I think this happened in the middle of the 1980’s. It’s taken a long time then for a literature festival that finds different words, to come, but it was worth it. I think the real beauty of what happened in Featherstone was in the unexpected. I didn’t expect May Nock to come and give a demonstration of how to translate words into Braille and I certainly didn’t expect to see Peter Harris, the stalwart of the local printing firm to come and talk on the history of printing from Caxton to the internet. Neither was I prepared for the astonishing quality of the writing that came out of the two workshops I ran. You never really know what people attending creative writing workshops will come out with. At the event at the library on the Saturday, I sat and listened to words put together in a way that I had never heard in my home town and the stories that I heard were as fresh as new laid eggs. I shouldn’t be surprised by what can happen when a cheap borrowed biro is applied to paper from a copying machine on a stacking table, but I was that day.
“My Aunt was gay, in every sense of the word, announced Christine, then she paused, for dramatic effect.
“Carry on.” I said
“Well she was a lesbian, but better than that, she was also a spy, a lesbian spy. When she died, I never saw so many women at another woman’s funeral.” She carried on reading about this aunt of hers, who she described as a dislikeable woman who people couldn’t help but like. She then said “I’ve been wanting to write something for ages, but I’m not really sure where to start.”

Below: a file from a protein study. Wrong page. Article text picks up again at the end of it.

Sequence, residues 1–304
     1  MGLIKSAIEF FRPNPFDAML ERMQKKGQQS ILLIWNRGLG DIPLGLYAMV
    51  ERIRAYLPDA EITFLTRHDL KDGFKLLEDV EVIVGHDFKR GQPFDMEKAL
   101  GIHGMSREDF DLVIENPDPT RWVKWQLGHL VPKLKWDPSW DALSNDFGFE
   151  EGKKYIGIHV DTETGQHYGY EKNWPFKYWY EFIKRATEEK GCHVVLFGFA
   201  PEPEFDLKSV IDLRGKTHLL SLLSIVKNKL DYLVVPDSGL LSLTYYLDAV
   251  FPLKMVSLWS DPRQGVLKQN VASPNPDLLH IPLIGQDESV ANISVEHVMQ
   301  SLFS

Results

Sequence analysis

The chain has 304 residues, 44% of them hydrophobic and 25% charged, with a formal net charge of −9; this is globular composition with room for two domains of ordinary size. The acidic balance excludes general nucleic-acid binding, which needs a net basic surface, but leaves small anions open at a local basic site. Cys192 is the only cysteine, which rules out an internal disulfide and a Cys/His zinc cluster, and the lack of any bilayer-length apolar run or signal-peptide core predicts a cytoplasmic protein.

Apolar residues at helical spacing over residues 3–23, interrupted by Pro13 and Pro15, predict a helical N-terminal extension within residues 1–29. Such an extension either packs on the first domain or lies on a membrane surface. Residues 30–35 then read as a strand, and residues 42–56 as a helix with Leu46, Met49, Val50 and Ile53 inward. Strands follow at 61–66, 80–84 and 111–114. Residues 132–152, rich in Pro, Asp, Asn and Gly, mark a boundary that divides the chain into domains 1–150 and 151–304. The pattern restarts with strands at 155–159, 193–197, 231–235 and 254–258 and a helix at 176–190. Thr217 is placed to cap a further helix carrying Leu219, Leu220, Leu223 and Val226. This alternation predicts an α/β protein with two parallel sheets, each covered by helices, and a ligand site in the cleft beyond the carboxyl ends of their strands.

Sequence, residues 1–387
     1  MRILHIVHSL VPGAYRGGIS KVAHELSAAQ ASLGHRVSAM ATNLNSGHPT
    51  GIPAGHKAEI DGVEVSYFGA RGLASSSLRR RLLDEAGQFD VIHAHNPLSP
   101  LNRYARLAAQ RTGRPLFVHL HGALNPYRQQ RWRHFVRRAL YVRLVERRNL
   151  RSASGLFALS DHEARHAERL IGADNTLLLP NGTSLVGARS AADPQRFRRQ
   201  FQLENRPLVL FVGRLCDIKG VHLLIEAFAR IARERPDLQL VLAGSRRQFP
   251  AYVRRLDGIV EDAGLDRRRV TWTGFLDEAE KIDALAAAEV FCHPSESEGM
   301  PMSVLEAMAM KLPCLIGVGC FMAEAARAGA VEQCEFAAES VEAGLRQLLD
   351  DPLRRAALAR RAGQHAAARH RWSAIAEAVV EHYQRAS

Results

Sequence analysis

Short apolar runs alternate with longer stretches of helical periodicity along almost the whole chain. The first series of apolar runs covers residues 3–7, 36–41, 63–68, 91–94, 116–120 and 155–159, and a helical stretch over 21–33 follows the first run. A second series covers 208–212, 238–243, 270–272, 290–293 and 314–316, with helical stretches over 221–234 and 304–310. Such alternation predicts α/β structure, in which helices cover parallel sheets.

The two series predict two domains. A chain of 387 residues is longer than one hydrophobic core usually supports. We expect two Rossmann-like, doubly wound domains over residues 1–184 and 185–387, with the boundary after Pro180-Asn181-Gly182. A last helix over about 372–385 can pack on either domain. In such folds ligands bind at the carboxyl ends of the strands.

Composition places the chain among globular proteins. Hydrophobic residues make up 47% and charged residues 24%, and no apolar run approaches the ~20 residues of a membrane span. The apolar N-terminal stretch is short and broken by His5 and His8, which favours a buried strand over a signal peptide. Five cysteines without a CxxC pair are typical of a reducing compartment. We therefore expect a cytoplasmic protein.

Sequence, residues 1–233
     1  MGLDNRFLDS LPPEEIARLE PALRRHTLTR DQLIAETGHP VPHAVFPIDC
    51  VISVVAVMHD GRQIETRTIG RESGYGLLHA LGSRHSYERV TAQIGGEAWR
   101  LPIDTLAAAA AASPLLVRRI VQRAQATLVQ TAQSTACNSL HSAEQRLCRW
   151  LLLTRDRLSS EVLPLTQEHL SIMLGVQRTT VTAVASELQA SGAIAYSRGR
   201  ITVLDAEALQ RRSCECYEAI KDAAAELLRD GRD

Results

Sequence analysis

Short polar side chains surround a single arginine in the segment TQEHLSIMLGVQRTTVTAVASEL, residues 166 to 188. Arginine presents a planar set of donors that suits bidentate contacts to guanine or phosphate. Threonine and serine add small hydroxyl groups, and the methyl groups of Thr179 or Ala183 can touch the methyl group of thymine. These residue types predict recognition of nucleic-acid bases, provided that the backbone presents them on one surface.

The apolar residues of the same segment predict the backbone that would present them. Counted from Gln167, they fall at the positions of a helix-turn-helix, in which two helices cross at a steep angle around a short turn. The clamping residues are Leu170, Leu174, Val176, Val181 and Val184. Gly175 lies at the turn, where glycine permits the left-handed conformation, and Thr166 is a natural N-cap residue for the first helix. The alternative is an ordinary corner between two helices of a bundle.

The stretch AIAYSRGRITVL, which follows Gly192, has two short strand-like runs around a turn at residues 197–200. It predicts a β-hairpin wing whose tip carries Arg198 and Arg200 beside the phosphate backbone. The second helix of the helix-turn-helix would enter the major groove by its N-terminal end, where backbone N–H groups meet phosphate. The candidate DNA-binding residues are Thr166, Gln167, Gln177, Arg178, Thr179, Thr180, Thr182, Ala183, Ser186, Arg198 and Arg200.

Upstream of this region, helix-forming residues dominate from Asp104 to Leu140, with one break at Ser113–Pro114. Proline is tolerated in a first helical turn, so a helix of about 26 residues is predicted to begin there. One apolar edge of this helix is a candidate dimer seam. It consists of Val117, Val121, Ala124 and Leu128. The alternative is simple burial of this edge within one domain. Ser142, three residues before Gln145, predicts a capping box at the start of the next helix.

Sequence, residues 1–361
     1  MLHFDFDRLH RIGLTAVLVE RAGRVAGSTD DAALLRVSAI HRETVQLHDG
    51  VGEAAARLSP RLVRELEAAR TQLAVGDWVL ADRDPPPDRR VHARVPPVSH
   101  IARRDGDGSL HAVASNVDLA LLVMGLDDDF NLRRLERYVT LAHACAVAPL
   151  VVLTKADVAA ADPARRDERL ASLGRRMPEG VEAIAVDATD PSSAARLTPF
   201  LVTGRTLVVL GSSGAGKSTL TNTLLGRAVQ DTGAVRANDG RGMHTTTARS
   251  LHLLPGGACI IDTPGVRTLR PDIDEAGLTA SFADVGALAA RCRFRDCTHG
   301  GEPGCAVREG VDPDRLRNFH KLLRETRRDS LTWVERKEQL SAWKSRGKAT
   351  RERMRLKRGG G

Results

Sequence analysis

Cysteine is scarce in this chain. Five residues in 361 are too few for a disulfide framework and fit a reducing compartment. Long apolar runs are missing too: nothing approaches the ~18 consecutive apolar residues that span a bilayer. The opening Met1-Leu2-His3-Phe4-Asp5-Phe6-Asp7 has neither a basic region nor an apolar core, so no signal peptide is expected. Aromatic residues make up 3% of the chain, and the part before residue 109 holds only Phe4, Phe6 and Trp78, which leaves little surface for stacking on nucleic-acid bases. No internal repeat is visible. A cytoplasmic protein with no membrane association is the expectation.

I recalled something that the great African writer, Chenjerai Hove, had once said to me when we collaborated on a project, He said “I think you are like me Ian, you believe that the good story can start anywhere.”
I said to Christine “The good story starts anywhere and your book has started right here today in a room at the back of Featherstone library.”
Catherine was sitting next to Christine. She told a story about her father. She said “He never really talked about something that happened at the pit, that we had all heard about, but didn’t know the details of.” She went on to tell of how her dad had been one of the rescue ream following a disaster at Ackton Hall Colliery. She went on, “Dad decided to tell me one day. Three men somehow managed to survive by keeping their heads above the slurry that had burst into a shaft, but one man died after trapping his legs under a table in a pit bottom office. My dad cried when he told me this and it was only when he put his hand up to his face to wipe a tear, that I saw the blue flecks of embedded coal dust and scars and hard work on his hand that told me what a proud Featherstone coal miner he had been.”
Mark wrote about his mother who had fled the sectarian violence in Northern Ireland to settle here and find work as a dinner lady. She had a mantra” he said “She believed that humanity and “all you need is love” pulls you through.”
Dawn wrote about her Grandmother who had patched and sewn the ripped and torn jerseys of Featherstone rugby players. “Somebody had to do it” she said “they couldn’t afford new shirts every time, so the job of mending fell to my Gran.”
And on it went, stories that were half formed inside on the way to a lit fest, finding an airing, gushing forth as a stream of consciousness, words like water, words that told you stories that made you cringe, laugh, study and learn, words that took your breath.